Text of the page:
Some of our most wonderful moments are spent with family and friends. They make for many of our most beautiful memories. They evoke some of our most tender emotions. And yet, our family and friends incite some of our worst feelings and moods.
Thus far in my blog, through all the earlier postings, I’ve tried to see how we react to the world as individuals and how we can try and become better persons in an individual capacity.
I’d like to now look at the individual in a broader context – as a member of a family and as a friend. (By family, I mean the larger family that includes relatives by birth and marriage as well.)
Family and friends bring out the best in us, and, not unoften, the worst as well: Jealousy, rivalry, pettiness, greed, meanness, contempt, anguish, anxiety, and of course, anger ….. the list goes on.
How did Sue manage to land such a catch, Ney wonders, looking at Bob – the suave man her best friend has got engaged to. And then, Ney steals a look at the father of her kid – too garrulous, quite unkempt, and not nearly as handsome as Bob. She feels guilty with the thought trajectory and tries to shove away to another path, but the mind will not stop comparing and her eyes cannot resist drawing comparisons.
Leo wishes his son Tanya would stop clinging to him and be more agile and adventurous like other boys his age.
Maria wishes her daughter Gloria would cut her hair short; Gloria’s best friend Betsie looks so good!
Chintu is disappointed that his home is always the last stop on his brother’s holiday itinerary, and he resents that the brother who was his buddy in his growing years now always spends the least time with him. Of all the siblings, Chintu’s home has the least comforts – no swimming pool, no golf course nearby, not even a guest room with bath attached. Chintu’s sure that’s the reason and envies the others their good fortune. He had always invested in the wrong stocks, unlike the others. He also ought to have married for money, like his dad said. He is disgusted with his life, and his thoughts as well.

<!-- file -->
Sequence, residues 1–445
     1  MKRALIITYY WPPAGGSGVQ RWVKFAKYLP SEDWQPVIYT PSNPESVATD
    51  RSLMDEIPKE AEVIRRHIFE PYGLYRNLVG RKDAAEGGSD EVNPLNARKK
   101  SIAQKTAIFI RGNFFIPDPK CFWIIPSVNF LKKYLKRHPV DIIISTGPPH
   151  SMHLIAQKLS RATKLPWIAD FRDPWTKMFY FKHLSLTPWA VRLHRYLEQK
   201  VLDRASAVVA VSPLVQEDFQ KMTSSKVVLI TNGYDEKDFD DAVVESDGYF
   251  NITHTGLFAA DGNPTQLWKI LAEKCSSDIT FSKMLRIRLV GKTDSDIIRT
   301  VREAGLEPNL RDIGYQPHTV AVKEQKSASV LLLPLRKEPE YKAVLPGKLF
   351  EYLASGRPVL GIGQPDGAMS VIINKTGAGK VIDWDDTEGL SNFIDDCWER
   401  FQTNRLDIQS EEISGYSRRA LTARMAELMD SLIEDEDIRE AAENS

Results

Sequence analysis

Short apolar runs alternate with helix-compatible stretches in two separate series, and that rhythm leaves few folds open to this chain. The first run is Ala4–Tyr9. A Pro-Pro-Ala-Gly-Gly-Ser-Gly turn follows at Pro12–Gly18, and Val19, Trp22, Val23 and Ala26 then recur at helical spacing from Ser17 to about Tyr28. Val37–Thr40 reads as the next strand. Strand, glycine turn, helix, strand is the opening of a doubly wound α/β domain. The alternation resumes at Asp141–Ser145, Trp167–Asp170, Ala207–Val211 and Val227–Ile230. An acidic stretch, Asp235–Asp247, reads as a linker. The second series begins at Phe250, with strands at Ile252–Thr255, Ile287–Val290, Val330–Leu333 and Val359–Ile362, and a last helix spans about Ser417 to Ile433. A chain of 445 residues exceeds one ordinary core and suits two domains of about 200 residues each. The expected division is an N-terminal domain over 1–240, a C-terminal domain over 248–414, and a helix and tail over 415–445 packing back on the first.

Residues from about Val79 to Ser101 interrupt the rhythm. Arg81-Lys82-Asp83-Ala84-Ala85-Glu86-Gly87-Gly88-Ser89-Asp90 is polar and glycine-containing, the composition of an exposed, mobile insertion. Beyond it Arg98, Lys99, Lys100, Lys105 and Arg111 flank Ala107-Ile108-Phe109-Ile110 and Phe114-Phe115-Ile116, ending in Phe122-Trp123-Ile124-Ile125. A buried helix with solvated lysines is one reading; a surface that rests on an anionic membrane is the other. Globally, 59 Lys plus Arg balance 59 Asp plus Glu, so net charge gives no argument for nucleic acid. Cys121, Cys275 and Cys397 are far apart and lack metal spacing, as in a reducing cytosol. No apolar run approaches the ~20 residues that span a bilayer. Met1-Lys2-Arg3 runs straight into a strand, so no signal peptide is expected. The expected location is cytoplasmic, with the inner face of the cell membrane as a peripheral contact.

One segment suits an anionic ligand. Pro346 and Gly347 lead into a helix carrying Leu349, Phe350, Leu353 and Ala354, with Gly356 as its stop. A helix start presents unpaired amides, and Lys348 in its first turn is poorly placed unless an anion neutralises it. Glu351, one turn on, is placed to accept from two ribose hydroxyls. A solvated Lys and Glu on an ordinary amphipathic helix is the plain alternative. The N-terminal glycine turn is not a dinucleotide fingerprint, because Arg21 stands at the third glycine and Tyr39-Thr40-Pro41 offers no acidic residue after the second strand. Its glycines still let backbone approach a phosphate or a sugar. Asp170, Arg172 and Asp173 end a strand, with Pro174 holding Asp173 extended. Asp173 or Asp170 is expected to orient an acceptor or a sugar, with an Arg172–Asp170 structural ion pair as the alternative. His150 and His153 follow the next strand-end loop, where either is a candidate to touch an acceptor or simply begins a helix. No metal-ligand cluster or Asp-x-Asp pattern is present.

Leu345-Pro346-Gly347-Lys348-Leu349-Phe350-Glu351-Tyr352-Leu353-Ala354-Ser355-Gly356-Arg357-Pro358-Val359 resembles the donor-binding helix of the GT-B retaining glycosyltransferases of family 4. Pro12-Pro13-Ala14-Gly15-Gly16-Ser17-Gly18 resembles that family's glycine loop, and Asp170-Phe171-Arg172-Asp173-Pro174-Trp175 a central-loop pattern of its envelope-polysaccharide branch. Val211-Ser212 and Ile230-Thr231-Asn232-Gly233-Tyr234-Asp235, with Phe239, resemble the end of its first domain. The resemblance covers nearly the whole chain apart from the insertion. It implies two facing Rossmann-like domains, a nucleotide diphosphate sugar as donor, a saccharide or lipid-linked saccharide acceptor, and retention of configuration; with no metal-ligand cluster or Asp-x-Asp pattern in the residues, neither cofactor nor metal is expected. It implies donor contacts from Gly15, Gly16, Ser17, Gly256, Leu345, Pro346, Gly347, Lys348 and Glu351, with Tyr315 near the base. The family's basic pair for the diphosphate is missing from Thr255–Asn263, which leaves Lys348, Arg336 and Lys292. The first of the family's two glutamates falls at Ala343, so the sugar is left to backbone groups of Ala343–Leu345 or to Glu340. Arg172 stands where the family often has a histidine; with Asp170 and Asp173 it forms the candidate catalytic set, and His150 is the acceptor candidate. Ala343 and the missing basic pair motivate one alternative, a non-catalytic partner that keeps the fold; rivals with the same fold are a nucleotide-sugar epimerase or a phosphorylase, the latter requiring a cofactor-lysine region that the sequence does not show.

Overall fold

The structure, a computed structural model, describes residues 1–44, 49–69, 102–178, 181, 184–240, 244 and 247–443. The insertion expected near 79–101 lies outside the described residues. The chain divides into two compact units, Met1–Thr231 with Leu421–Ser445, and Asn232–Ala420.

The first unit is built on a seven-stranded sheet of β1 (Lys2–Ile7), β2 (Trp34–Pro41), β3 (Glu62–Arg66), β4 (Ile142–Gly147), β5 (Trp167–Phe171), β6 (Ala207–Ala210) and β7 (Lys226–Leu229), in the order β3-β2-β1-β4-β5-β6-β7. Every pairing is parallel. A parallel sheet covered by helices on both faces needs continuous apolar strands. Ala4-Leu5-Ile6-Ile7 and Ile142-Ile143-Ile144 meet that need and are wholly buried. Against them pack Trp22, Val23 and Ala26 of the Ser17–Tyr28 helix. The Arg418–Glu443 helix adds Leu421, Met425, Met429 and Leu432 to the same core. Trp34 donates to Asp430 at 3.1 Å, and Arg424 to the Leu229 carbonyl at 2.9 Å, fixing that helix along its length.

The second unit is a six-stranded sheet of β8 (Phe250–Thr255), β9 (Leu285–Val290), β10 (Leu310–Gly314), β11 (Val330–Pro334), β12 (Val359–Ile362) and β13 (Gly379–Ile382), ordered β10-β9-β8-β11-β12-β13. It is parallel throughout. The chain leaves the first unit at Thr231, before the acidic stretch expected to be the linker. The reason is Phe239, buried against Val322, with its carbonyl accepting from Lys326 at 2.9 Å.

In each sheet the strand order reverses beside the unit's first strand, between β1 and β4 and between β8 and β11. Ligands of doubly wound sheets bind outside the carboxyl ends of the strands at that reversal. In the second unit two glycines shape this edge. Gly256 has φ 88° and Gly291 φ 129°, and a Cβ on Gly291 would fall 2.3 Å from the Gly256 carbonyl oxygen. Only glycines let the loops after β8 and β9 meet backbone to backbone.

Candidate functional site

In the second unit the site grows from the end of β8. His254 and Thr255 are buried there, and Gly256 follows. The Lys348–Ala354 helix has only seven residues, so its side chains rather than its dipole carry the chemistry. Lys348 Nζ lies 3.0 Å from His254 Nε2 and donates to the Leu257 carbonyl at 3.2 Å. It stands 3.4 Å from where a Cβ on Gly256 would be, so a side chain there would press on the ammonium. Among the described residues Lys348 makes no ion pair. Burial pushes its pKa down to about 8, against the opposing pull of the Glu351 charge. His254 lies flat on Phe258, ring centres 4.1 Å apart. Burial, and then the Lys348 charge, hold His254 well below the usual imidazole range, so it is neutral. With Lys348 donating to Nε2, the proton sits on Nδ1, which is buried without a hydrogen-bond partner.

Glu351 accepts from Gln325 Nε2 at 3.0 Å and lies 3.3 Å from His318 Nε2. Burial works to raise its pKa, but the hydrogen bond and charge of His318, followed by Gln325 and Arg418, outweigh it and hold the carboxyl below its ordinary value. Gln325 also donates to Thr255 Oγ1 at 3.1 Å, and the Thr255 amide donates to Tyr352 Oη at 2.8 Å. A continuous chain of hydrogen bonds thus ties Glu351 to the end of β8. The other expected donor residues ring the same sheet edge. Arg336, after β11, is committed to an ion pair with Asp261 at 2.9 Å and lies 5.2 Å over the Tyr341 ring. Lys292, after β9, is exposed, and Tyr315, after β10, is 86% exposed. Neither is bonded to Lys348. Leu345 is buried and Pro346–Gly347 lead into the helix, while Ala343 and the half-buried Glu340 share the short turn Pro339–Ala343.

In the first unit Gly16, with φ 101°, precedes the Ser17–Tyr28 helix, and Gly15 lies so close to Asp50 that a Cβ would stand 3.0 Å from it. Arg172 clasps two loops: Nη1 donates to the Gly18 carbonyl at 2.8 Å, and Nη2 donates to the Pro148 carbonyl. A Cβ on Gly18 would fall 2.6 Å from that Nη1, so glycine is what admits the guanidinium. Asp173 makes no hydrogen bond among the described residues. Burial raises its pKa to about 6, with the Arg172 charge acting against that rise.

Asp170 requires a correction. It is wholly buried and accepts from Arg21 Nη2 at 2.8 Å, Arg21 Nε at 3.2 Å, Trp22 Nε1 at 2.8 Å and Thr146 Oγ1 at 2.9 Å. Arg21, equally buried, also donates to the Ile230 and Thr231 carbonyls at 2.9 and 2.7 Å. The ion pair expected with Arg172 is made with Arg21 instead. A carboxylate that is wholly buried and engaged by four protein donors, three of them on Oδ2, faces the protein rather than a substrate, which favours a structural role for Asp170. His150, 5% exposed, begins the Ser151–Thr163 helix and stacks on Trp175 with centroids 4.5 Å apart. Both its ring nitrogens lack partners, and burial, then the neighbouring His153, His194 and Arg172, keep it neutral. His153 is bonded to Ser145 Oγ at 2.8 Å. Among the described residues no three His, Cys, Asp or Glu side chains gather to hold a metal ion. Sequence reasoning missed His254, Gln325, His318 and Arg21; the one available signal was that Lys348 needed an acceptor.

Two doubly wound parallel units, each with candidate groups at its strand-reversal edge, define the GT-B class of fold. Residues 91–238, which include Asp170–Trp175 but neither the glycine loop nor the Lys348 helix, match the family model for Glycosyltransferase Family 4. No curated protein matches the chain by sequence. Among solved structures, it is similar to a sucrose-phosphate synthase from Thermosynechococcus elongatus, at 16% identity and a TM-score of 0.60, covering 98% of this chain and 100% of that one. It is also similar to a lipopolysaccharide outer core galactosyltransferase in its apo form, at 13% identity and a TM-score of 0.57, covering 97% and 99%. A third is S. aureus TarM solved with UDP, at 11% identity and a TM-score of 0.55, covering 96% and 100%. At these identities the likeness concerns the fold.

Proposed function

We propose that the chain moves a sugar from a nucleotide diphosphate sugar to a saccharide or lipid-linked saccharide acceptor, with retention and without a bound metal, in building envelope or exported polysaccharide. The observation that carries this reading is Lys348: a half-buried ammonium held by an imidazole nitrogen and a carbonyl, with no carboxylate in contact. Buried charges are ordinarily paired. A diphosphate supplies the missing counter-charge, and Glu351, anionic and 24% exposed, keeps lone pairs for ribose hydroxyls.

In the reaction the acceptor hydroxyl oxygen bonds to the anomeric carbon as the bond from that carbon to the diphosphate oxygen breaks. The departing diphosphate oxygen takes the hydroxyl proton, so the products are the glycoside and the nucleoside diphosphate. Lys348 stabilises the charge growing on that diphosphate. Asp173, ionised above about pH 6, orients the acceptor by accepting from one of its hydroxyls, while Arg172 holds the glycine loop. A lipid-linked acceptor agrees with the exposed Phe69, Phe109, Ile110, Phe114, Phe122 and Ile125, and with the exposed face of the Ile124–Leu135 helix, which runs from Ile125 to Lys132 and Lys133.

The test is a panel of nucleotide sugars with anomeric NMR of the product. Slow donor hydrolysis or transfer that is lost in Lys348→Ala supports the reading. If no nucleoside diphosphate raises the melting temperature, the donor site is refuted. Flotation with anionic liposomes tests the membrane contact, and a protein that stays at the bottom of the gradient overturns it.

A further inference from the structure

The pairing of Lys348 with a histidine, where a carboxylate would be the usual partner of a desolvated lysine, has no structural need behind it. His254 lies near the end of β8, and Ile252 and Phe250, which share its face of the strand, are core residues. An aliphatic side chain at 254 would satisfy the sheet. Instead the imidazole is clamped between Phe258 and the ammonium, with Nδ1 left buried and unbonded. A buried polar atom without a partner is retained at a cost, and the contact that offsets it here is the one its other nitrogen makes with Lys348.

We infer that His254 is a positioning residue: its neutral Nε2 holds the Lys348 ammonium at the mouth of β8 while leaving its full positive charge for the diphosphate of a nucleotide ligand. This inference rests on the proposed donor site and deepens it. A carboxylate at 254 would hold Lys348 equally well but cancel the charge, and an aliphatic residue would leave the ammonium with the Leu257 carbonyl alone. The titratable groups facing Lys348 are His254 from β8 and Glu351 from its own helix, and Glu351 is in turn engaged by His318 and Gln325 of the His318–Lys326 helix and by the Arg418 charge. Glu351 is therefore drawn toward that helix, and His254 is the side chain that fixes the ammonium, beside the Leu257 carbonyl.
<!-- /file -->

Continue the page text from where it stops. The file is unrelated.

And so the burden of bad emotions keeps piling ….
A WAY OUT?
There’s a story that I often remember when I need to battle with my feelings, with my bad self. The lesson I read into the story is that it is easier to accept the bad in us, the evil in us, and then work towards resolving it than to try to overcome or fight the badness per se.
The story goes like this: An orphan boy is adopted and brought up by a wealthy man who has a mentally retarded niece. When the boy finishes college and is about to launch into a life on his own, the wealthy man prevails on the boy to marry his niece. The boy, who knows he owes his life to his foster father, cannot refuse. But, rather than turn bitter, he decides to fall in love with the girl he is expected to marry.
Having made up his mind, he sets out to build a relationship with the girl. Though he cannot have a normal conversation with her as he would with another person his age, he finds himself enjoying her company as he would that of a child. He also revels in finding that she has hidden gifts – such as for imitating people, for mimicry and for making some remarkably astute judgements about the character of people!
Like the boy in the story who accepts the inevitable and then works at making the best of a situation he cannot avoid, it has helped me often to accept my emotions as they are and then work my way out of them rather than try to avoid them or deny them.